Interest-only mortgages declining

Interest-only mortgages declining but may see resurgence

The era of more prudent mortgage lending since the Global Financial Crisis means that interest-only mortgages have become a much smaller proportion of new mortgage lending. 

In 2007 over 40% of new mortgage lending was on an interest-only basis. On the latest data, interest-only is below 8%.

This means that in times of stretched budgets there is an extra lever to pull. Mortgage lenders are being encouraged to be flexible and consider adjustments to the existing mortgage terms.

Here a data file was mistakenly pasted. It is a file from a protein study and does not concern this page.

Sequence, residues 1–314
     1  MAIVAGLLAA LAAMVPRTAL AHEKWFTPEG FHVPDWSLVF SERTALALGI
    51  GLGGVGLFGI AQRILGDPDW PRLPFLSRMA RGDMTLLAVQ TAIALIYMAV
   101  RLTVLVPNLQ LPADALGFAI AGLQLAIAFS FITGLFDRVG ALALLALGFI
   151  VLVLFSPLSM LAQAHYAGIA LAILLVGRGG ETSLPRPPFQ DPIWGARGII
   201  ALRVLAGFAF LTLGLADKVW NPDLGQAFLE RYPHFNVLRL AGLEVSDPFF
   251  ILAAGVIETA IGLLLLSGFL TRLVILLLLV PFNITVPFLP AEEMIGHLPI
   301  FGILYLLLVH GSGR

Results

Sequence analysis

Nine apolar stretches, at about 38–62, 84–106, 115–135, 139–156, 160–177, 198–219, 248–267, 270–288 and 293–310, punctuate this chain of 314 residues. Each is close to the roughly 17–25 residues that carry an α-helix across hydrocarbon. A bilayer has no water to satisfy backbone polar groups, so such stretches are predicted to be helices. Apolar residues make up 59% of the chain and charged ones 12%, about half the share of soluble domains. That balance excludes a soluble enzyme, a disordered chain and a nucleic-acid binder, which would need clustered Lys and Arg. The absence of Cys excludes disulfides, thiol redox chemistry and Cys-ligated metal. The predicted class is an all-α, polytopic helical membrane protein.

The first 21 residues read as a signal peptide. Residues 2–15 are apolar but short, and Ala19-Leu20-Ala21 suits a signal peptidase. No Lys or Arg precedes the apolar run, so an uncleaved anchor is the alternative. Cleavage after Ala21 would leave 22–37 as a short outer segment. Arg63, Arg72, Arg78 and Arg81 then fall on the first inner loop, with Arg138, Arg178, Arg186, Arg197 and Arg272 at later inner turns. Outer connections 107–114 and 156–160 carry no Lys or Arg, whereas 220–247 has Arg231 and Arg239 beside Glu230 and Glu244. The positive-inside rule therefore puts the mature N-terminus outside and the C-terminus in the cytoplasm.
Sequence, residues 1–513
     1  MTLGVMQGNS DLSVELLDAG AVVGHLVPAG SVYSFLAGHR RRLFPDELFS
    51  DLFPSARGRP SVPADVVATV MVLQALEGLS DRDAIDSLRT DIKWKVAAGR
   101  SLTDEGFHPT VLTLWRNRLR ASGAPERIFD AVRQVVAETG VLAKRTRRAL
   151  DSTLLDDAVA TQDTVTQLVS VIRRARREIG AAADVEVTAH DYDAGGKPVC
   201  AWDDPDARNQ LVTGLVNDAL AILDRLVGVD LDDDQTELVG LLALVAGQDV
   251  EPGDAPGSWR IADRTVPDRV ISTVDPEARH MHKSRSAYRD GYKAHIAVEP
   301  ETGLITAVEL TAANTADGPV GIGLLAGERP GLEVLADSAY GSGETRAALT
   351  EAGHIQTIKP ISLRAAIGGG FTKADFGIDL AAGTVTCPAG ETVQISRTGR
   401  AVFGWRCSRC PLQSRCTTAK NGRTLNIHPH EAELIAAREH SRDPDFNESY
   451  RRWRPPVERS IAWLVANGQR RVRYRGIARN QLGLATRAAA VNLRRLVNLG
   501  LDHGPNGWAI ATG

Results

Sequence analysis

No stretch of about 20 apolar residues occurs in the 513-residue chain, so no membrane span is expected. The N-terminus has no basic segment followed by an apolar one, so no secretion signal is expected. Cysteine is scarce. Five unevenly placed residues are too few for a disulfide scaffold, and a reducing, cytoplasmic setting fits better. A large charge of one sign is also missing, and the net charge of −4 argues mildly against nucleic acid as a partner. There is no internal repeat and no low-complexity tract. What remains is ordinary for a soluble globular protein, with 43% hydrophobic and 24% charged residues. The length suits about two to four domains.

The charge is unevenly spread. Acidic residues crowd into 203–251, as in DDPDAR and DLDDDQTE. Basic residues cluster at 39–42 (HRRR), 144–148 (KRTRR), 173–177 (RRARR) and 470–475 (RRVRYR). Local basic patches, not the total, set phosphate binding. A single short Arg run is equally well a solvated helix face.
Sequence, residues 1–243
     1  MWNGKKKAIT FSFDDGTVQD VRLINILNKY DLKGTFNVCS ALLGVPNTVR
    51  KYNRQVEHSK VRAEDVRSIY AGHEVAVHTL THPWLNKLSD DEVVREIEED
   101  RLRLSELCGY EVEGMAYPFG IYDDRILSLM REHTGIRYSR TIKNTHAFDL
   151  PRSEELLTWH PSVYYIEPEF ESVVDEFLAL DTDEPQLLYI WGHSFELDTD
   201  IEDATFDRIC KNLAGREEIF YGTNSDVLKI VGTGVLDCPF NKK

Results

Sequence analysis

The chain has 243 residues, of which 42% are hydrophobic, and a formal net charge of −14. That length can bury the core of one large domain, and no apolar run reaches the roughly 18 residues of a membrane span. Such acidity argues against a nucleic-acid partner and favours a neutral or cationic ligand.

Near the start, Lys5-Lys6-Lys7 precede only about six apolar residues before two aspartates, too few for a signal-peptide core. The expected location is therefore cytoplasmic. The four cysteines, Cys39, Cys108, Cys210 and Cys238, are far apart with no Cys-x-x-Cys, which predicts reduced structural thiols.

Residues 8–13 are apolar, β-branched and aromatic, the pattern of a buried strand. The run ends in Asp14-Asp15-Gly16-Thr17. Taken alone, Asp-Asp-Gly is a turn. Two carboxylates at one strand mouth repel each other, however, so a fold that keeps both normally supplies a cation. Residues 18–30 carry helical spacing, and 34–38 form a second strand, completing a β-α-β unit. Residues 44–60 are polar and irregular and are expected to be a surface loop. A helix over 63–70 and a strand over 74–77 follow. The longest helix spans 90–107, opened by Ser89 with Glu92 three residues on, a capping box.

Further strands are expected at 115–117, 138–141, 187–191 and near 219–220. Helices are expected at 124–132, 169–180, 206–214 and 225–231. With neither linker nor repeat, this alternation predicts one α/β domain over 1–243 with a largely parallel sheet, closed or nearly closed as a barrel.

Temporarily switching to an interest-only mortgage would save £289 pcm, based on the average UK first-time buyer price of £218,000, a Loan-to-Value of 85%, 25-year term and a 5.5% mortgage rate.

The savings will be more in more expensive markets. The saving on the average London first-time buyer price (£435,000) with the same mortgage terms would be £576 a month. 

Source: Dataloft, FCA. Data to end of Q1 2023.
Disclaimer: The above is for information only. Independent regulated financial advice should always be sought when considering mortgage matters.

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